The American Association of Bovine Practitioners has released its new drug use guideline document to assist beef and dairy livestock veterinarians in guiding appropriate, effective and legal drug use on cattle operations.
A task force of veterinarians and pharmacology experts developed the AABP drug use guidelines document, which took more than three years to compile.
"This was the result of a very deliberate and careful process that took into account the great diversity of bovine practice types that our members find themselves engaged in," explained task force chairman and veterinarian Dr. Keith Sterner.
"Ensuring that these guidelines met our members' and their clients' needs, complying with new and changing regulations and taking into consideration societal concerns and perceptions were the underlying principles that the task force concerned itself with in developing these guidelines," Sterner added.
Dairy and beef cattle drug use guidelines are divided into sections:
• Establishing and maintaining a veterinarian/client/patient relationship;
• using scientific knowledge and veterinary training for livestock disease management;
• providing oversight on drug use on cattle operations;
• prescribing or dispensing drugs in a legal and ethical manner;
• preventing violative residues;
• avoiding compounded and unapproved drugs;
• assuring responsible use of antimicrobials,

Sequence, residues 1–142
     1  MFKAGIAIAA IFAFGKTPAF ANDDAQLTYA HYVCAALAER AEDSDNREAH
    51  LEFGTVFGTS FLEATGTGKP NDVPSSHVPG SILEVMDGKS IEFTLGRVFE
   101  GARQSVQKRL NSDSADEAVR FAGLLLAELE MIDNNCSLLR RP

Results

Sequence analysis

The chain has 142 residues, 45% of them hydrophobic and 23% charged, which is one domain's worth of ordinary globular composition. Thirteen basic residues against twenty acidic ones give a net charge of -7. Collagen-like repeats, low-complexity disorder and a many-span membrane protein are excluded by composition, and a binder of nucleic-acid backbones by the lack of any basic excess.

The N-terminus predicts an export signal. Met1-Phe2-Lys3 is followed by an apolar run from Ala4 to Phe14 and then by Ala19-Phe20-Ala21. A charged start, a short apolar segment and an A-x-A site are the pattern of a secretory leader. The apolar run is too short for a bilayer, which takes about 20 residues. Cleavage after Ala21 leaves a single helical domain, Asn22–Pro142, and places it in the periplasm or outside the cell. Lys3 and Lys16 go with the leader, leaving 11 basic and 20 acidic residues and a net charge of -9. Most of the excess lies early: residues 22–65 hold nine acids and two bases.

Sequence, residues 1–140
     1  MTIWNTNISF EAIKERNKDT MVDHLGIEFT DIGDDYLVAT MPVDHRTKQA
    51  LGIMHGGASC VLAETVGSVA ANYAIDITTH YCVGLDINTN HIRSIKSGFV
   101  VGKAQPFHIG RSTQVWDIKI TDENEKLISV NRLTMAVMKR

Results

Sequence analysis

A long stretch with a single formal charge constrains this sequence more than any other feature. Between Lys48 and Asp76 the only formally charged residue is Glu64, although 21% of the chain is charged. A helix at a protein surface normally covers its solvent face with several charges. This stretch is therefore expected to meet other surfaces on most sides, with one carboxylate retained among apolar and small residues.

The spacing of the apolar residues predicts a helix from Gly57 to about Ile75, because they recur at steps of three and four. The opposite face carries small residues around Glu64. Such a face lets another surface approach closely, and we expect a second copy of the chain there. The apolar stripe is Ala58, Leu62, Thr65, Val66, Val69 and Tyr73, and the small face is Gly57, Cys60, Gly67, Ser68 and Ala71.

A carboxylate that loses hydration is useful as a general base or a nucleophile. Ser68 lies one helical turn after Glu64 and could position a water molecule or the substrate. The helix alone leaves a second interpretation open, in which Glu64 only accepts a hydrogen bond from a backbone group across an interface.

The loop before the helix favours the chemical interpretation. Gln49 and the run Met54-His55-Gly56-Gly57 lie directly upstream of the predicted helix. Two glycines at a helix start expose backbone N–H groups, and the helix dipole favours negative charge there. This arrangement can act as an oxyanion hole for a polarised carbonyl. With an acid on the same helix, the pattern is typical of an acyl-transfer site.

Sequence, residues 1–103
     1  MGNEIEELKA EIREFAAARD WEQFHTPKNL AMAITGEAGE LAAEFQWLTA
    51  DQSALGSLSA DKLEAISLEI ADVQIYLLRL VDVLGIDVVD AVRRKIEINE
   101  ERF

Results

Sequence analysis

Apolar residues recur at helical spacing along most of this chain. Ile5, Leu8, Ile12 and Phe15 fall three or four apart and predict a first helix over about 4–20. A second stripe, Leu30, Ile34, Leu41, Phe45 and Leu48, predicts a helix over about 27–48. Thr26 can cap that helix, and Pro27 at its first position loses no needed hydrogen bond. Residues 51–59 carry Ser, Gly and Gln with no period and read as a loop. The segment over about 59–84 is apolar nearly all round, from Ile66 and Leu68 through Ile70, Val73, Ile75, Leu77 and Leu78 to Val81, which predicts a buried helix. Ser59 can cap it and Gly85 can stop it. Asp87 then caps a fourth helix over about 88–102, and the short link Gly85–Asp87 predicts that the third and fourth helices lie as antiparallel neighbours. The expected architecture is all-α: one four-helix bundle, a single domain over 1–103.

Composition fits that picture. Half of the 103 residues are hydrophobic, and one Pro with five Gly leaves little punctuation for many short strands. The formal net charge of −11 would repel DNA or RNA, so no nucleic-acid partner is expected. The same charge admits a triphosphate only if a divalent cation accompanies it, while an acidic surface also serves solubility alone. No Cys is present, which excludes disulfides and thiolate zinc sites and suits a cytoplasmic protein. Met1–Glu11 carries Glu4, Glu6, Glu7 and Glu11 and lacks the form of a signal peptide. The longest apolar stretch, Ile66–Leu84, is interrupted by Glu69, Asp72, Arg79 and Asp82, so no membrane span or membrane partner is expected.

• using analgesics to control pain when indicated.
The guidelines also contain a list of prohibited/illegal drugs in cattle, the definition of an animal drug and numerous industry and government resources for further livestock drug information.
"AABP members and other beef and dairy veterinarians desiring to further the responsible, ethical and appropriate use of pharmaceuticals in their practice and on client operations will find that these guidelines are a sound foundation on which to base proper drug use," Sterner said.
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"They are a straightforward resource for good decision making that is accountable, measurable and repeatable. They are based on sound scientific principle but they allow for the vastly varied geographic and types of livestock operations North America."
The guidelines can be found on the AABP website and are available to members and the public.